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As Seen in Boston Globe North
 

Geeks on call

Technicians remove spyware, set up networks in a single home visit

Cheryl Richardson of Newburyport is a noted motivational speaker and author whose business is steeped in spiritual messages. So it doesn't help her image when she boots up her computer every morning and logs on to a pornographic website.

But she can't help it. Something has taken over Richardson's PC and, despite her best efforts, it isn't leaving. So, Cheryl, who are you going to call? Not tech support, where she would have to wait on hold for 45 minutes before speaking with someone 10,000 miles away. She's been there, done that. Not some big-box retailer, who will ask her to disassemble the computer and bring it in. That's way too much work.

Not fortunate enough to have a friend of a friend whose brother-in-law knows something about computers, Richardson found herself with few options.

That's when she did what an increasing number of at-their-wit's-end PC owners are doing. She found a computer technician who makes house calls. It's 2005, and no longer can we get a physician to come to our house. We have little use for the Maytag repairman. But for about $100, we can get a computer geek to show up within 24 hours and quickly heal our PCs.

Beginning around 2001, in the wake of massive layoffs at Massachusetts high-tech companies, a few out-of-work network administrators, systems engineers, and IT staffers from the user-help desks found a new way to make a living. With their severance packages dwindling and scant prospects for new employment, these folks were forced to create their own jobs. Many have become the 21st century's TV repairmen. Because the industry is fledgling, it's hard to come by the number of computer techs who make house calls. But it's growing.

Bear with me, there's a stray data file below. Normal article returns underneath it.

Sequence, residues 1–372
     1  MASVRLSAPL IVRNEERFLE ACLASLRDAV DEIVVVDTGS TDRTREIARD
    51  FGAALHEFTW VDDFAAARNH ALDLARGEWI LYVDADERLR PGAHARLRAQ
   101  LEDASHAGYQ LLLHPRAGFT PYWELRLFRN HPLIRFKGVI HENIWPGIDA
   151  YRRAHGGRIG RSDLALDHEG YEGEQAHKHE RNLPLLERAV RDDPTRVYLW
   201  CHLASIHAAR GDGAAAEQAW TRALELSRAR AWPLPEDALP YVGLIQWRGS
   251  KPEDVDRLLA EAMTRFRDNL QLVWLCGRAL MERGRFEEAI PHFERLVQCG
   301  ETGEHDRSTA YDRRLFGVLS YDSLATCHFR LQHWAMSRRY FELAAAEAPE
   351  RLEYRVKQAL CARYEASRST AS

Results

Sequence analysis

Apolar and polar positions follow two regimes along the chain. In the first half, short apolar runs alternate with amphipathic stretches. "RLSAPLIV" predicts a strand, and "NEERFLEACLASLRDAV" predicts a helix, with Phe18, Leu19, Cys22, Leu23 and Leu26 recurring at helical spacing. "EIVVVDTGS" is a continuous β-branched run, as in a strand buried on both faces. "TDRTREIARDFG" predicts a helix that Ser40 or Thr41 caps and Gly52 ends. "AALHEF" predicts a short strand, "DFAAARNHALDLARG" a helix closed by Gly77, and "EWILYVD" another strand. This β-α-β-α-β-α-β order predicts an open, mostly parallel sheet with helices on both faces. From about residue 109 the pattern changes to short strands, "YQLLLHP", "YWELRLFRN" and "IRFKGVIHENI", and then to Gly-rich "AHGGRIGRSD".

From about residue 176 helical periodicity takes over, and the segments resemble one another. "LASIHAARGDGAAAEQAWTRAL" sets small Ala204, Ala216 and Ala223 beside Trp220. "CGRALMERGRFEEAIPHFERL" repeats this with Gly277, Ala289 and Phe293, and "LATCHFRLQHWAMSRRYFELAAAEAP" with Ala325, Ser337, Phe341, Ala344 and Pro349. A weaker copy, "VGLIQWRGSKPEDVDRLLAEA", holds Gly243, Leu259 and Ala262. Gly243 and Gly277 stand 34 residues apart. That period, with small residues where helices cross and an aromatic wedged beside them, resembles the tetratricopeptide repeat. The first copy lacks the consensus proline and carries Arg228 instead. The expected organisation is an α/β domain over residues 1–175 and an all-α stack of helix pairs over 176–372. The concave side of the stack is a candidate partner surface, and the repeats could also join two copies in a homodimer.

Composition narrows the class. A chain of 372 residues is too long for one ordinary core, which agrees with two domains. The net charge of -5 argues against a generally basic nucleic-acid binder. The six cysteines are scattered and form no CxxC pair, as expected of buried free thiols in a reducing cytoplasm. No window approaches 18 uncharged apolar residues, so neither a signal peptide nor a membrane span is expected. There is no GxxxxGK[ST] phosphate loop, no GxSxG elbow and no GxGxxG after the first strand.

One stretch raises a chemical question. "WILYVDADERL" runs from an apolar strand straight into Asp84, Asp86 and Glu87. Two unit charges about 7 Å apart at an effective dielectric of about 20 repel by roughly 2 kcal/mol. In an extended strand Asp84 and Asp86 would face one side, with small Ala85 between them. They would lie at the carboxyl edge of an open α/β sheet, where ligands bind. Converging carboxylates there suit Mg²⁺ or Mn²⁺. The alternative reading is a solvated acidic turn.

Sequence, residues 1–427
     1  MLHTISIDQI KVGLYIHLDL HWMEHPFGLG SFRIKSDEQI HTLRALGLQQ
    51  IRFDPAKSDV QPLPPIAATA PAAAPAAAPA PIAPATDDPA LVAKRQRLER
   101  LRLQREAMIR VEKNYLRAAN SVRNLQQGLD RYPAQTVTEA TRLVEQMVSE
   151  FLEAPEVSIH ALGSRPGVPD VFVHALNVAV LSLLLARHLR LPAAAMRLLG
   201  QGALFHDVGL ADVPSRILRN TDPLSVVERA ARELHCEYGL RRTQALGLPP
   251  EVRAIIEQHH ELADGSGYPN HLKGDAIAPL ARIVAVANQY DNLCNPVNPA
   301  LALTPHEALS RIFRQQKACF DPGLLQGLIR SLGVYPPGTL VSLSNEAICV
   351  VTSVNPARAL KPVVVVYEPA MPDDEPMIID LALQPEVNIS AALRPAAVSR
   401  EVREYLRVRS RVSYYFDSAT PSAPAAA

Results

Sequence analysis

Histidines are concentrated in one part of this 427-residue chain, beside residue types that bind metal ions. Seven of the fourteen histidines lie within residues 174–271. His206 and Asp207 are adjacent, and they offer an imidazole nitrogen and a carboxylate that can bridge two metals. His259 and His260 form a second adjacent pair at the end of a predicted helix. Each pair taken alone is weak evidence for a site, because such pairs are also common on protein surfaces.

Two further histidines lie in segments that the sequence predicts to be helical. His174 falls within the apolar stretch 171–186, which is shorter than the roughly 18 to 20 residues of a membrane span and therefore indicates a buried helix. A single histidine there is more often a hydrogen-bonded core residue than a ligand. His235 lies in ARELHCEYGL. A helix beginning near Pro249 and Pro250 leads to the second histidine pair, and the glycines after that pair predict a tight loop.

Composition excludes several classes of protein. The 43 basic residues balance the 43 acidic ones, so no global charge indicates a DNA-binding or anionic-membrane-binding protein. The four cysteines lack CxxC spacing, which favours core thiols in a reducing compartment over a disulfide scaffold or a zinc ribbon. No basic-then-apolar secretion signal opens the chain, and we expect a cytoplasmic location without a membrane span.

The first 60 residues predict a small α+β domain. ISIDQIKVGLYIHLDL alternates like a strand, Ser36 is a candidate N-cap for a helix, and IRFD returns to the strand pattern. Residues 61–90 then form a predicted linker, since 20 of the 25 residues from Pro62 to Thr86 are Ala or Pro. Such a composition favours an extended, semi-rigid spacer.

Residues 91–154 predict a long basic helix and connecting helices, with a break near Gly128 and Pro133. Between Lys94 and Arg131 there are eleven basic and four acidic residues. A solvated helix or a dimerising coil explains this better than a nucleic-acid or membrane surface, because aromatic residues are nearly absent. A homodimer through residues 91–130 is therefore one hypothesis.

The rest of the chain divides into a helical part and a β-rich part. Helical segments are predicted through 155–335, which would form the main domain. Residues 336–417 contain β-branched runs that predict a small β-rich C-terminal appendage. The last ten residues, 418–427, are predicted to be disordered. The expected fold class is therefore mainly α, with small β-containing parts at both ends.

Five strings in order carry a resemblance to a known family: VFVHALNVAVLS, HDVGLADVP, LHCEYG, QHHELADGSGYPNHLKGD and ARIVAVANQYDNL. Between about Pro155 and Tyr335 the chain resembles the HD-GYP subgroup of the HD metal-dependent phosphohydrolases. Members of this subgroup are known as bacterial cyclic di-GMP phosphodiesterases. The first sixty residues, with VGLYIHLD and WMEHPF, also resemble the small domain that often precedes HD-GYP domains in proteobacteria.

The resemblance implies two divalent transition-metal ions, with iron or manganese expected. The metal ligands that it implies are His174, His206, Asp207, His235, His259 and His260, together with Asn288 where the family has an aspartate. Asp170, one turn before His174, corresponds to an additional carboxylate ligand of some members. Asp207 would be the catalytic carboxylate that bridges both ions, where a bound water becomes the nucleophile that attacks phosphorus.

''These companies are popping up more and more in conversation," said Joyce Plotkin, president of the Massachusetts Software Council. ''There's obviously a need and they're filling it."

Some of these technicians and companies can be found in newspaper classified sections. One company, Merrimac-based Visiting Geeks, whose logo features nerdy-looking techs wearing short-sleeved dress shirts and oversized glasses, stuffs fliers in newspapers and uses direct-mail campaigns.

Another, Lexington-based Geek Housecalls Inc., whose technicians wear the requisite geek uniform -- a denim shirt with plastic pocket protector -- began to advertise its business in 2001 by plastering fliers in storefronts up and down Mass. Ave. Today, they're running a radio commercial, complete with jingle.

National retailer Best Buy also offers an in-home computer repair service.

These traveling technicians promise to quickly, inexpensively, and conveniently fix whatever ails your computer. Because of the proliferation of high-speed Internet connections, particularly via cable modem and digital subscriber lines, most of the house calls are to remove spyware, viruses, pop-up ads, and other cyber parasites that cause computers to run slowly, erratically, or not at all.